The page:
In most cases, BEGIN and START are interchangeable.
However, there are a few cases where only START is possible.
[Tweet “START (verb) means to cause something to happen or to cause someone to pursue something.”]
START (verb) means to cause something to happen or to cause someone to pursue something. In other words, START is used to indicate when inaction turns into action.
- I will start the car in 5 minutes.
- Can you start the washing machine?
- He started a new restaurant business.
Only START can be used in the cases above.
When we’re talking about machines or business, we can only use START.
[Tweet “BEGIN means to take the first step in performing something or to come into being.”]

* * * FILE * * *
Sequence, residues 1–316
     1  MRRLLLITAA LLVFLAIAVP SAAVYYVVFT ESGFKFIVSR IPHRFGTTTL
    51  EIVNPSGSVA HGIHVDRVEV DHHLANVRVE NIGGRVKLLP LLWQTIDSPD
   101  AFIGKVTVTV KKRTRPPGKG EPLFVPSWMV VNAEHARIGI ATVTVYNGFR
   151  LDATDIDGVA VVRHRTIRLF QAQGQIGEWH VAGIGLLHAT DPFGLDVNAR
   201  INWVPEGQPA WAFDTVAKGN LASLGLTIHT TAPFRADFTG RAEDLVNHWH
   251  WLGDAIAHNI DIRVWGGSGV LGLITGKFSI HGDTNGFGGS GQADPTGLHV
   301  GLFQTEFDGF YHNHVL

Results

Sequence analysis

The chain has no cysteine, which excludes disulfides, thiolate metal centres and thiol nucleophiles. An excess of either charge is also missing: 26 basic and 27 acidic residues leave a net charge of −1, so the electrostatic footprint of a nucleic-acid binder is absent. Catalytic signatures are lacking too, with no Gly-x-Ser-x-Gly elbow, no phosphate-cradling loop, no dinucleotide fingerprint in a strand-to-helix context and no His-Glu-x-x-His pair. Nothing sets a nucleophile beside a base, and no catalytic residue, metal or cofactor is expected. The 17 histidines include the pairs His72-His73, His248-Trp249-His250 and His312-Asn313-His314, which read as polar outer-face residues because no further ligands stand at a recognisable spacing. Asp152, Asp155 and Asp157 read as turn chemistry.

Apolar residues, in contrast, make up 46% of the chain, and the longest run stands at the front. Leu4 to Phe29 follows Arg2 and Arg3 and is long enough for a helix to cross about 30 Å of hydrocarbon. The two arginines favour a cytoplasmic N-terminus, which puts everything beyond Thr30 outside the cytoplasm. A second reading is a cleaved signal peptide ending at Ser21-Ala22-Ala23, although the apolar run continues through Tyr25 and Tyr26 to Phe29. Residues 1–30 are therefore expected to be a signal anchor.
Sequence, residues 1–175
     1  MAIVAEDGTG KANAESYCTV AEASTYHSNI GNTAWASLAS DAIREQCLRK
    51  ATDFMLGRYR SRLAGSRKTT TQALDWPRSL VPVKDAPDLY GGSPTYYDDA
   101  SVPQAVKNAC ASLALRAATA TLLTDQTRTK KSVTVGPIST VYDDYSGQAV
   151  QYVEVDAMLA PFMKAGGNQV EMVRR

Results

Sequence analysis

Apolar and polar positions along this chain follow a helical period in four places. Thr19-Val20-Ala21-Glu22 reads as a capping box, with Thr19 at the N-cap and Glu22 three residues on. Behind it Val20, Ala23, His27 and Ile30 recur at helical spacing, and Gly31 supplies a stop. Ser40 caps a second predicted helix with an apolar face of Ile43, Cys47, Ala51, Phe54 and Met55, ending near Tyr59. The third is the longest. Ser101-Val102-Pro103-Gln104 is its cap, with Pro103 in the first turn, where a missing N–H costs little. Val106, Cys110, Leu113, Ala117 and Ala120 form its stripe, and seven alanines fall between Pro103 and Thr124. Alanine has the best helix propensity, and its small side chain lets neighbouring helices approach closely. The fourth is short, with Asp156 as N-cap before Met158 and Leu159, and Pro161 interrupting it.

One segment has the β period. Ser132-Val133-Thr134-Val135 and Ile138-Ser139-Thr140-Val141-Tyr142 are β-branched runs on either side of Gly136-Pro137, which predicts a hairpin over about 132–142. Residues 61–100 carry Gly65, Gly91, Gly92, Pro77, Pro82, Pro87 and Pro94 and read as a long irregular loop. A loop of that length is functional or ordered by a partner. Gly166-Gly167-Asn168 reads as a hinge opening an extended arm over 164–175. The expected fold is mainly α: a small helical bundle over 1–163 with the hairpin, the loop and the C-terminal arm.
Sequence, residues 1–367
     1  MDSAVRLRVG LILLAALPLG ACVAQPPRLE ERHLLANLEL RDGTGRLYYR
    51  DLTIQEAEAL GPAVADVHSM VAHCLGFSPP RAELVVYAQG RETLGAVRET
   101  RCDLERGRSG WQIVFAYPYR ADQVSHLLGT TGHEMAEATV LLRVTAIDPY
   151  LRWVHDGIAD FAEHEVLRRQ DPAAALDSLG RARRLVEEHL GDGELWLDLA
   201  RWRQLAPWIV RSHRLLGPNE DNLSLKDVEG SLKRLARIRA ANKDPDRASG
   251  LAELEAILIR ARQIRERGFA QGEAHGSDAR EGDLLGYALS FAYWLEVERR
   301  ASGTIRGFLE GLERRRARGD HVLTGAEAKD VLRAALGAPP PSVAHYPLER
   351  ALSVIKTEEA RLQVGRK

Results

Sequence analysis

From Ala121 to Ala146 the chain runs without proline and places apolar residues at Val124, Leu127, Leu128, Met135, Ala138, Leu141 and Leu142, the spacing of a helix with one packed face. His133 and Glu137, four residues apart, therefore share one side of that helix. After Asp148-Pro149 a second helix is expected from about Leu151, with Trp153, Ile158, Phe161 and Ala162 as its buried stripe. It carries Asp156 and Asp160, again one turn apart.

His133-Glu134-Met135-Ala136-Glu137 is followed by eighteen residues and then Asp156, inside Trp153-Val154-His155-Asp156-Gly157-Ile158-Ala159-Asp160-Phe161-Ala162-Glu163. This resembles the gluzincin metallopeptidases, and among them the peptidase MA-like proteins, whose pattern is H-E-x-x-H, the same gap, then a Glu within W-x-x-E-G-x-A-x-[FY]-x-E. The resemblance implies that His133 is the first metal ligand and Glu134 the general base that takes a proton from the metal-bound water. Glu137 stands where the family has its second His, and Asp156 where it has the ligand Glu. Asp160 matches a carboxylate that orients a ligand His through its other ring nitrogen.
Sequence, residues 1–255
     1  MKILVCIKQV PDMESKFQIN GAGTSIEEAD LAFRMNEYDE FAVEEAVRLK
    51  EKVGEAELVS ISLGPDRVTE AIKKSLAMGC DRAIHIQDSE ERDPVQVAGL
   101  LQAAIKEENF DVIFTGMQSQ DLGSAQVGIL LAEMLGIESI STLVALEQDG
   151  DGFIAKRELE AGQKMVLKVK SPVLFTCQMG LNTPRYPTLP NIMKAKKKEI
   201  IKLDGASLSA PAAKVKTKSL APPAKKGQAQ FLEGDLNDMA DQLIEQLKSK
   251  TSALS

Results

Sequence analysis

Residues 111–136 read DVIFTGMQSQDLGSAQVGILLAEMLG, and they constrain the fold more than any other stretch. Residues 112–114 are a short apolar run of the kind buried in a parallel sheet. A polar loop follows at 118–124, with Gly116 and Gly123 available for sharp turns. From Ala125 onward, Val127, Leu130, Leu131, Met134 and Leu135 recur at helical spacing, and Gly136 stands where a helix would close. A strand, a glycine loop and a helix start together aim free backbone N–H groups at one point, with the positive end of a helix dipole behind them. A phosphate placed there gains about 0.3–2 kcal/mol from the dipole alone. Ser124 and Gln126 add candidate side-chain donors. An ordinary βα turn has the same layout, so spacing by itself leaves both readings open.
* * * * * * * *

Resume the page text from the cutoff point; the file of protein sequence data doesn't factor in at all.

BEGIN means to take the first step in performing something or to come into being. BEGIN is more formal than START.
- The conference will begin at 8:00.
- We will begin the test in half an hour.
- The show is about to begin.
START can also be used in the examples above. (The conference will start at 8:00)
The main difference between START and BEGIN:
1. Only START is used when we’re talking about machines or business
2. BEGIN is used in formal cases (official proceedings).
P.S. START can be a verb and a noun. BEGIN is only a verb (beginning – noun).
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